- Complex Algorithms: An algorithm is like a set of instructions that tells the computer what to do step by step. In generative AI, these instructions allow the AI to learn patterns and rules from a large amount of data.
- Neural Networks: Imagine a brain with many connected neurons (brain cells). In generative AI, we use artificial neural networks that work similarly. These networks are good at recognizing patterns and connections between things. These neural networks pull massive amounts of data from all over the internet.
- Learning from Examples: The AI is given tons of examples to learn from. For example, it could be shown thousands of pictures of cats. The neural network looks at all those pictures and learns what makes a cat a cat. It learns to recognize the important features, like pointy ears, whiskers, and a tail.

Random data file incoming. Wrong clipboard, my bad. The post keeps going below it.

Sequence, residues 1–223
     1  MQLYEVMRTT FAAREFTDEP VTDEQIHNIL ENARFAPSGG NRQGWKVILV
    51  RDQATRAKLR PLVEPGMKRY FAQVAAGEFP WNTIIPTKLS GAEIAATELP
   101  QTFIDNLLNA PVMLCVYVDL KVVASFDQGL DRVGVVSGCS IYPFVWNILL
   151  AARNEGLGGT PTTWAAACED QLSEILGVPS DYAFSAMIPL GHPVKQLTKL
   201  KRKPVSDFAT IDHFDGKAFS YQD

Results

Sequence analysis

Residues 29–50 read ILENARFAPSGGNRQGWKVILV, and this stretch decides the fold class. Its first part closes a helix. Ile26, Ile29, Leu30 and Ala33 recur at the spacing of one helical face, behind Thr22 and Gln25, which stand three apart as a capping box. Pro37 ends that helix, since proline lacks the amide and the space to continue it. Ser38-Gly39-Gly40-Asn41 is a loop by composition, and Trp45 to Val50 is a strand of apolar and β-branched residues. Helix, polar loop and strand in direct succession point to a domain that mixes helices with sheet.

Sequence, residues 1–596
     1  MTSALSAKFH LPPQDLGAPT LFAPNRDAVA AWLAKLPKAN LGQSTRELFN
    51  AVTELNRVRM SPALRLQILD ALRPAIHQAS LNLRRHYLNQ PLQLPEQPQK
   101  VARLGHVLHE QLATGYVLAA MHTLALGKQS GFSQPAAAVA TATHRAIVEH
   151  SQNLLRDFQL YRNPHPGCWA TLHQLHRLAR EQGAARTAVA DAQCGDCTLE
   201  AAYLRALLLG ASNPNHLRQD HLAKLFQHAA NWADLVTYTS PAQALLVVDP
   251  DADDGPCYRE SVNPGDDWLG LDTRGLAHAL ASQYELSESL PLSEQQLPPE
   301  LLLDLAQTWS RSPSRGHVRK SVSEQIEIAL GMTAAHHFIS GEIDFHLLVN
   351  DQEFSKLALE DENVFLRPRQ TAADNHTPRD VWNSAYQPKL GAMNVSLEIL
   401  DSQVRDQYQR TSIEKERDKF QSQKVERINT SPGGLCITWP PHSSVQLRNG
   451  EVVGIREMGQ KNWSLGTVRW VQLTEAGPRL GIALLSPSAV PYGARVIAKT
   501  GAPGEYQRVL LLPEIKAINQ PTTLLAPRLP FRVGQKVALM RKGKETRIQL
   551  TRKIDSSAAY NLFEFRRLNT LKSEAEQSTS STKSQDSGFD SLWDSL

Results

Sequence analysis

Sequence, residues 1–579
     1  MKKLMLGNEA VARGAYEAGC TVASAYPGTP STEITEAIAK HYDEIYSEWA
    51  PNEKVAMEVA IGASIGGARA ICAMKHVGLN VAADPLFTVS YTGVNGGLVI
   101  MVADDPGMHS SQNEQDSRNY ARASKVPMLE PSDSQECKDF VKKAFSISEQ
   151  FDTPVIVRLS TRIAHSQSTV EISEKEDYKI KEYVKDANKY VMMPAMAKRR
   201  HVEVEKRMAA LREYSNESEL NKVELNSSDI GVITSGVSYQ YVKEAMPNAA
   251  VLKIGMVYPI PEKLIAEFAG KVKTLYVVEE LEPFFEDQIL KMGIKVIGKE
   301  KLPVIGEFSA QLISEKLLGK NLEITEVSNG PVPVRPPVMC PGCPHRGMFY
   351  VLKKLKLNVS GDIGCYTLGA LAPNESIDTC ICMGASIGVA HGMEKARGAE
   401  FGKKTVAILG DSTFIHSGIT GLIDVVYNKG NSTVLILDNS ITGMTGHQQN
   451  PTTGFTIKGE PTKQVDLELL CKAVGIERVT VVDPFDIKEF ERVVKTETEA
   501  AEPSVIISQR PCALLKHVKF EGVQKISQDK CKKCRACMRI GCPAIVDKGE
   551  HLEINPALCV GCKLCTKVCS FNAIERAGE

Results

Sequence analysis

- Creating Something New: After learning from all those cat pictures, the AI can generate new cat pictures on its own. It takes what it learned from the examples and combines different features to create new and unique cats. Sometimes, the AI can even create cats that look like they’re from a fairy tale, with wings or different colors.
- Expanding to Other Things: Generative AI can create all sorts of things, like landscapes, music, or even write stories. The more examples it sees, the better it becomes at making new things that are realistic and interesting.
- Using Prompts: People can create what are called “prompts” which are questions, ideas, etc. for the generative A.I. and it then uses the complex algorithms to learn from examples and create something new.